We have 28 memorials here. There’s the Korean War Memorial, the Merchant Marines, World War II, the Walloons monument, the Salvation Army, and many others. We did have to move some very big ones into storage, like Giovanni Verrazzano and the Coast Guard memorial, so that work can take place on the perimeter project. When that’s complete in 2013, we’ll bring many of them to the outer edge and build a monument walk.
What’s going on with Urban Farm?
The Urban Farm began in spring of 2011 as a way of activating the space on the Battery’s east side while we’re waiting for bikeway perimeter construction. It was a confluence of ideas that began with some kids at Millennium High School’s ecology club who wanted to do a project. It fit with us wanting to do something on the lawn that would activate the space and get the community involved in the park a little more.
We brought in some clean fresh soil, and about 600 kids from eight different schools, helped. The schools each had their own rows to plant, and it was really cute. We have local community -- residential and business -- people who participate. We have a farm manager, and volunteers from neighboring offices who come after work or whenever they can, and get assigned a job like thinning the carrots or something. Then we have a bunch of intern-type farmhands. We have a little farm stand on Mondays and Thursdays where we give away the food we’ve grown for suggested donations.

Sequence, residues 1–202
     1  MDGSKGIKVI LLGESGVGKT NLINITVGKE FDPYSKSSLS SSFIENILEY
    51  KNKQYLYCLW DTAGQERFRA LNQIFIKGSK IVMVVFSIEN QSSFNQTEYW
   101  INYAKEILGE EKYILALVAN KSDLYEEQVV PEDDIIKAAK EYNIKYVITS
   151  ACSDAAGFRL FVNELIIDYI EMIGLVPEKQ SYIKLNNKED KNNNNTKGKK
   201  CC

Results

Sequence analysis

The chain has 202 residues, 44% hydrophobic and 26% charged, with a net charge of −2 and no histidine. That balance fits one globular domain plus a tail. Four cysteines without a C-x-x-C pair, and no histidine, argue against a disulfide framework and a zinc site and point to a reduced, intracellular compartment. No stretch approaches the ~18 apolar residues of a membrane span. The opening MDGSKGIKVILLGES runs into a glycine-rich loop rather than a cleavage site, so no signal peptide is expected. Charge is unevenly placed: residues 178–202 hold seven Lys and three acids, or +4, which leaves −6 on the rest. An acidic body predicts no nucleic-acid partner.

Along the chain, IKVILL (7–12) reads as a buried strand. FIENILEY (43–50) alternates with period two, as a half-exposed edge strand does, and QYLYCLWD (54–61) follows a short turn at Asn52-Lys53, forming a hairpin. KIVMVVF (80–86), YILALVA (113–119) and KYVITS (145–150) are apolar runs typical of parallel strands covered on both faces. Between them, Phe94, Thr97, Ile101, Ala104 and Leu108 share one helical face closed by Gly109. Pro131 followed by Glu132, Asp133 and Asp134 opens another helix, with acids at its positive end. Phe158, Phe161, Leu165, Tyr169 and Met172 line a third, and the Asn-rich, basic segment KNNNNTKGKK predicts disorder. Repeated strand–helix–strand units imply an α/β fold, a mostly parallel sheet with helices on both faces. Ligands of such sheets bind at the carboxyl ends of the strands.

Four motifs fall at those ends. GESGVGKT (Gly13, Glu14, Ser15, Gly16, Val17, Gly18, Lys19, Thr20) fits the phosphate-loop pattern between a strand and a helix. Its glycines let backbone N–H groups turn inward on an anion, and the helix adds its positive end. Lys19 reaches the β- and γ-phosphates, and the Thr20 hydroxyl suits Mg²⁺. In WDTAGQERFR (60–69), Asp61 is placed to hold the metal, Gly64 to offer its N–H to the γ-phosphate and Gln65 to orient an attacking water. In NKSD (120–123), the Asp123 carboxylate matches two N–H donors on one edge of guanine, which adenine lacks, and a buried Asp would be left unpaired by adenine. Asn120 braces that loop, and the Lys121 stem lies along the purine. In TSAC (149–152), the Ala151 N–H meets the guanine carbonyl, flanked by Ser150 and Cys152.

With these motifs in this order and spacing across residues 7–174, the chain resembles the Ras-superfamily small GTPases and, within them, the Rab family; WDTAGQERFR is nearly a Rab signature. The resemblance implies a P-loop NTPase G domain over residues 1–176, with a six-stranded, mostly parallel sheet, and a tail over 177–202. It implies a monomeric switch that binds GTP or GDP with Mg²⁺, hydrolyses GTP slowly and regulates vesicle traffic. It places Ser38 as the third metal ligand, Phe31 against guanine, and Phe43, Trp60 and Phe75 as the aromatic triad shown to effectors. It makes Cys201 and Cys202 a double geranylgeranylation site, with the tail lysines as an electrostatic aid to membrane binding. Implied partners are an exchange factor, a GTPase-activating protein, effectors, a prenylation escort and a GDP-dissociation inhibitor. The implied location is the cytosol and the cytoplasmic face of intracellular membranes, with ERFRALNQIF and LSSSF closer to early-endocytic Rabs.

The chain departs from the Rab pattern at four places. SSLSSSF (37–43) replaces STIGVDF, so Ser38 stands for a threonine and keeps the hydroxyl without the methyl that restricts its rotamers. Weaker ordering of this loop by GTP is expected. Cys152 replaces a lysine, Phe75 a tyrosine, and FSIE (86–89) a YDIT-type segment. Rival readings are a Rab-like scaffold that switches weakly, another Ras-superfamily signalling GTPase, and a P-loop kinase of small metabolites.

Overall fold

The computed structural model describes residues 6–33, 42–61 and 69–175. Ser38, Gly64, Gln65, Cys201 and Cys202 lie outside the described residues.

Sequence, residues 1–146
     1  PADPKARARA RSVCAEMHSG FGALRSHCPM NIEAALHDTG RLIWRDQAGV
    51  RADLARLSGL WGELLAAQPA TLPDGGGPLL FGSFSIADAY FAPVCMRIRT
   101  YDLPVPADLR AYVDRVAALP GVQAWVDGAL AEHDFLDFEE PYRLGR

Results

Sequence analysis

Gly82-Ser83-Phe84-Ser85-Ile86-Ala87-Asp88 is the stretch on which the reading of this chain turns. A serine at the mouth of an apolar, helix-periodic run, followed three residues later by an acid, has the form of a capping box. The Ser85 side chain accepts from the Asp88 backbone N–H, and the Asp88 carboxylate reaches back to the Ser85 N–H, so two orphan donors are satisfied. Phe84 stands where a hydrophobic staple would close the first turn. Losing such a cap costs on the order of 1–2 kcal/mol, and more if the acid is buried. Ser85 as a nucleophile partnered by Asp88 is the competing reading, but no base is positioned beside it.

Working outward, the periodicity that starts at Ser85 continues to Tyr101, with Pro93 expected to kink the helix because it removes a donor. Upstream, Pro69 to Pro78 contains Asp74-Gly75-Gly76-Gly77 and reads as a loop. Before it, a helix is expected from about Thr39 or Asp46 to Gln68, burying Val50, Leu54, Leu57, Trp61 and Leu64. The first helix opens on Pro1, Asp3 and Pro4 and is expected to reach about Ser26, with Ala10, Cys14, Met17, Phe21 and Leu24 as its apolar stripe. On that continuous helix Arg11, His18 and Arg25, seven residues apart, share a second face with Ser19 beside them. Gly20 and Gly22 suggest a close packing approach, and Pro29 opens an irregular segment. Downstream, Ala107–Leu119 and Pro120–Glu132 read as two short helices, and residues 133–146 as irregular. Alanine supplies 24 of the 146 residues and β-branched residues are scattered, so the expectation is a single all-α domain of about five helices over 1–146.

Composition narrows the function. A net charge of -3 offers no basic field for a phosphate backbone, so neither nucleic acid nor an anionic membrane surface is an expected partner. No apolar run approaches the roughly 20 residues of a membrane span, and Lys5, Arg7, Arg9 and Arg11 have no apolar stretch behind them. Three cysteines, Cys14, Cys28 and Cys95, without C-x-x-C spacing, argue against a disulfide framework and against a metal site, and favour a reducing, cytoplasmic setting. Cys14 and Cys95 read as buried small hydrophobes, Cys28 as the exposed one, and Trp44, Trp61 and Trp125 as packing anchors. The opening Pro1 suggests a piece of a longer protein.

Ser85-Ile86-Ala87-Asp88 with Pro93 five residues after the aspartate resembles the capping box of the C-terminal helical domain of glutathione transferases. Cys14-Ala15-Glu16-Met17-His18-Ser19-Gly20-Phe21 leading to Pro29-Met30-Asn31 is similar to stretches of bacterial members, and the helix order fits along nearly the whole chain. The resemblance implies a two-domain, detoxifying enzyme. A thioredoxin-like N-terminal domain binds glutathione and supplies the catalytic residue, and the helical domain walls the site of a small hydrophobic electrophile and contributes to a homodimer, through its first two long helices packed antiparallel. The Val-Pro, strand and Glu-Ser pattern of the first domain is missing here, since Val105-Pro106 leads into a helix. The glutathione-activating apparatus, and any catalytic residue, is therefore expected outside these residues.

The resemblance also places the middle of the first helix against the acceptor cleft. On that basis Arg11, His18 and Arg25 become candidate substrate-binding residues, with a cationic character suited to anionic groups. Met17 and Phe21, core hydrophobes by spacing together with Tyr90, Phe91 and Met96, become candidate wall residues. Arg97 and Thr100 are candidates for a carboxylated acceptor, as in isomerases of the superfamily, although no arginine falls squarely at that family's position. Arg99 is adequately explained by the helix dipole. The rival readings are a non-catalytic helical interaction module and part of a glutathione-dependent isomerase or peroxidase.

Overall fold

The Urban Farm has been a tremendous success, but it is temporary here, so it will be relocated. We’re going to continue the idea of growing food though, so people understand where food comes from. We will be incorporating some vegetable garden beds into other places around in the park.
Why is the fence around the farm so eye-catching?
The fence is decorative but functional -- not an artwork, but it does kind of look like it is. It was built by Scott Dugan and Shane Neufeld, who volunteered their services and repurposed the bamboo from Big Bamboo -- [an installation] by the Starn Twins, the site-specific work that was at the Metropolitan Museum of Art -- to construct the fence. From above, it’s in the shape of a big turkey, in honor of Zelda, our resident wild turkey. The pumpkin patch is the tail.
Does Zelda enjoy the farm?
Yes, but she hangs out more over by the labyrinth these days. She really likes the native gardens the best. She arrived here in May 2003.
Do you know where she came from?
No, she didn’t say.
What’s important for people to know about the Battery?
That it’s a park for New Yorkers. There are things here for everyone -- all this history, the beautiful gardens. It’s not just a tourist pass-through to the Statue of Liberty.